21. 21. o Schizophrenia does not affect men and women in the same way. Premorbid adjustment is known to be superior in women, the symptoms of schizophrenia begin later in life, and outcome for the first 10-15 years after onset is more favorable in women o The symptomatic expression of illness also differs between the sexes: men show more apathy, flat affect, cognitive disturbance, paucity of speech, and social isolation, whereas women are more often depressed o In addition, women may have more depressive symptoms, paranoia, and auditory hallucinations than men and tend to respond better to typical antipsychotic medications o A significant proportion of women with schizophrenia experience increased symptoms during pregnancy and postpartum o Brain Structure Differences :  In normal as well as schizophrenic women, the IPL is slightly larger on the right side, and no volume differences can be detected contrary to men
  22. 22.  Men with schizophrenia have larger ventricles (the open spaces within the brain) than do unaffected men, while women show no such difference  One version of the gene that encodes the protein apoliprotein E (ApoE 4) has been shown to affect the severity of schizophrenia in women but not in men  Estrogen appears to have a protective effect on brain cells, to some degree shielding women with schizophrenia from severe symptoms during high estrogen phases of the menstrual cycle and possibly delaying early-onset schizophrenia to late adolescence. Decreases in estrogen levels at menopause may be related to the second peak of schizophrenia onset seen in women aged 50 and older  Because women with schizophrenia report more mood symptoms than men, they often require a more complicated treatment regimen of both antidepressants and mood stabilizers
  23. 23.  Anxiety disorders, which include panic disorder, obsessive-compulsive disorder (OCD), post-traumatic stress disorder (PTSD), phobias, and generalized anxiety disorder, affect an estimated 13.3 percent of Americans ages 18 to 54 in a given year  Women outnumber men in each illness category except for OCD and social phobia  Results from an NIMH-supported survey showed that female risk of developing PTSD following trauma is twice that of males and have higher rates of co-occurring medical and psychiatric problems  PTSD is characterized by persistent symptoms of fear that occur after experiencing events such as rape or other criminal assault, war, child abuse, natural disasters, or serious accidents. Nightmares, flashbacks, numbing of emotions, depression and feeling angry, irritable, or distracted and being easily startled are common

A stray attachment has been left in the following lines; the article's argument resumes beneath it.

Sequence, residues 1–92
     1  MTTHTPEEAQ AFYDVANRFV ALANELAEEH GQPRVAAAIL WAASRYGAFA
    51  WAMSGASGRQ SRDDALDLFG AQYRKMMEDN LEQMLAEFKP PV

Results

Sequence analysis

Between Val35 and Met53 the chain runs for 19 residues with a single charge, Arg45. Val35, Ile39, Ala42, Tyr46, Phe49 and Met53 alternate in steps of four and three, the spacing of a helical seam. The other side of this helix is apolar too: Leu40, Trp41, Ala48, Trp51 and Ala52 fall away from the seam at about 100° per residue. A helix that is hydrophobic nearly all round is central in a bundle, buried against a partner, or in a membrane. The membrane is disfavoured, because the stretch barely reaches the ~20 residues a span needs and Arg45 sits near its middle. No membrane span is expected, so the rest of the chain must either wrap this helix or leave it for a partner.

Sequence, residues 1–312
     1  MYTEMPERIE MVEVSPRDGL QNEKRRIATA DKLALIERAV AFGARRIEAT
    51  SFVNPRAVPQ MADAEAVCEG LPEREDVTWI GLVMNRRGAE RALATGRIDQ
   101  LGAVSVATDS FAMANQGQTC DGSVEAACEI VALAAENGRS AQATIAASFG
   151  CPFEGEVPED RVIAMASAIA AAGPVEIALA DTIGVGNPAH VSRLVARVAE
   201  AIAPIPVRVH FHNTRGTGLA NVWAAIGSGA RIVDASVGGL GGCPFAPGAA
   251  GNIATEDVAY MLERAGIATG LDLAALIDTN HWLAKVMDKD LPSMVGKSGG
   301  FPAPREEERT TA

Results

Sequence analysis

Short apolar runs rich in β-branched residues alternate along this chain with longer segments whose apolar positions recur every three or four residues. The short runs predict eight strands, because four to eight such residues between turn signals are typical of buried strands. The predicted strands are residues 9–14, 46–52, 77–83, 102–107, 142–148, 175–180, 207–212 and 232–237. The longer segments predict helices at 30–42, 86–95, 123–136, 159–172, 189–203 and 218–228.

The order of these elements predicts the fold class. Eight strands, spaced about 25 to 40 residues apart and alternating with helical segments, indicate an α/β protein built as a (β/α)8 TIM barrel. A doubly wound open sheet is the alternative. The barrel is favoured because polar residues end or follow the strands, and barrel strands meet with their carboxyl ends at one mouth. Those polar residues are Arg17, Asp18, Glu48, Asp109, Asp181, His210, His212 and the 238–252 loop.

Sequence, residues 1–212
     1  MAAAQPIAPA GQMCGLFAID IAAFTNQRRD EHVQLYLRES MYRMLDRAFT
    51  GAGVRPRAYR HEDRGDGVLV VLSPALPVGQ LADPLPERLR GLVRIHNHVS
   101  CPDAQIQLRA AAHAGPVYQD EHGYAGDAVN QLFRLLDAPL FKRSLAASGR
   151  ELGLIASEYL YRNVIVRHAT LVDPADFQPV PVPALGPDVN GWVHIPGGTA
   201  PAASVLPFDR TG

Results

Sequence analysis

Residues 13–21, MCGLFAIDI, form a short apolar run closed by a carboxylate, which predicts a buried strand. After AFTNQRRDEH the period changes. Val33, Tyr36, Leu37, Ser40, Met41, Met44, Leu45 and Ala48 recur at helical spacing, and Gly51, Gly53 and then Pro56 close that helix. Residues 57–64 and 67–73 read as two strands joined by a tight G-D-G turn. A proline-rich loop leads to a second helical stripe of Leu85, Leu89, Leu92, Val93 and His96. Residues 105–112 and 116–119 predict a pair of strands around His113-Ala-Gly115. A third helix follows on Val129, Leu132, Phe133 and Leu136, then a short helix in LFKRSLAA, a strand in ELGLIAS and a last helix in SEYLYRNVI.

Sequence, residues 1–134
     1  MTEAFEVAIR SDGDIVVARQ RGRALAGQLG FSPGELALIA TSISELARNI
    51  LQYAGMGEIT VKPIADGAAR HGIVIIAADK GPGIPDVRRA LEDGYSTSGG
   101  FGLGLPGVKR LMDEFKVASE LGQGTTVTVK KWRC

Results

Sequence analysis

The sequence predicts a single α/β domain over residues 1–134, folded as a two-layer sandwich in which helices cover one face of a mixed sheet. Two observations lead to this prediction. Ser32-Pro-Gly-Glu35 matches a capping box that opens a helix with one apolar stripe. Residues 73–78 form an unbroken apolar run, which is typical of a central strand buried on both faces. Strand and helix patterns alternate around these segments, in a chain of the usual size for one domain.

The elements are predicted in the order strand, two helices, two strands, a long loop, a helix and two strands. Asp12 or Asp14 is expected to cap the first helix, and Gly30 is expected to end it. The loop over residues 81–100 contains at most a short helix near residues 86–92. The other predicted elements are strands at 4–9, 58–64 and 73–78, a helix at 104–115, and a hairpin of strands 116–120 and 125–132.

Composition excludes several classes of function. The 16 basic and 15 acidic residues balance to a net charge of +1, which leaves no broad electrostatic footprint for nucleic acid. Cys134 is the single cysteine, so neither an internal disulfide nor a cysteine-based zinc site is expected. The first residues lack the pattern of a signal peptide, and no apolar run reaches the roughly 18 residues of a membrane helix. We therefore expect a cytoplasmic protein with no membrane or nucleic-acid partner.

24. 24.  Females comprise the vast majority of people with an eating disorder— anorexia nervosa, bulimia nervosa, or binge-eating disorder  In their lifetime, an estimated 0.5 to 3.7 percent of females suffer from anorexia and an estimated 1.1 to 4.2 percent suffer from bulimia. An estimated 2 to 5 percent experience binge-eating disorder in a 6-month period  Eating disorders are not due to a failure of will or behavior; rather, they are real, treatable illnesses and often co-occur with depression, substance abuse, and anxiety disorders, and also cause serious physical health problems  Eating disorders call for a comprehensive treatment plan involving medical care and monitoring, psychotherapy, nutritional counseling, and medication management
  25. 25.  Studies have shown that while the number of new cases of AD is similar in older adult women and men, the total number of existing cases is somewhat higher among women  Possible explanations include that AD may progress more slowly in women than in men; that women with AD may survive longer than men with AD; and that men, in general, do not live as long as women and die of other causes before AD has a chance to develop  AD features a distinct type of damage to the white matter of the brain. Damage to the white matter is more common and more severe in women than in men suffering from AD  Female AD patients show more severe early alterations of cells in a particular part of the brain, the nucleus basalis of Meynert, than do males.  Myeloperoxidase is an enzyme associated with the plaques that appear in the brains of people affected by AD. Some versions of the gene that encode the enzyme increase the incidence of AD in women, while other versions increase the incidence in men
  26. 26. o However, death among women with AD tends to be associated with measures of disability, such as malnutrition and impairment in performing the activities of daily living o Women with AD have lower insulin levels than do men with AD despite similar body mass, suggesting women with AD are more susceptible to diabetes o The accumulation of the protein amyloid beta is thought to contribute to the development of plaques in the brains of AD patients. Sex hormones, such as estrogen and testosterone, affect amyloid beta levels o Estrogen therapy has been proposed for use in the prevention and treatment of AD in women, but the benefits of this treatment are still controversial o Anticholinesterase therapies offer modest benefit to sub groups of AD sufferers. Men have a 73 percent greater chance of responding to these therapies than women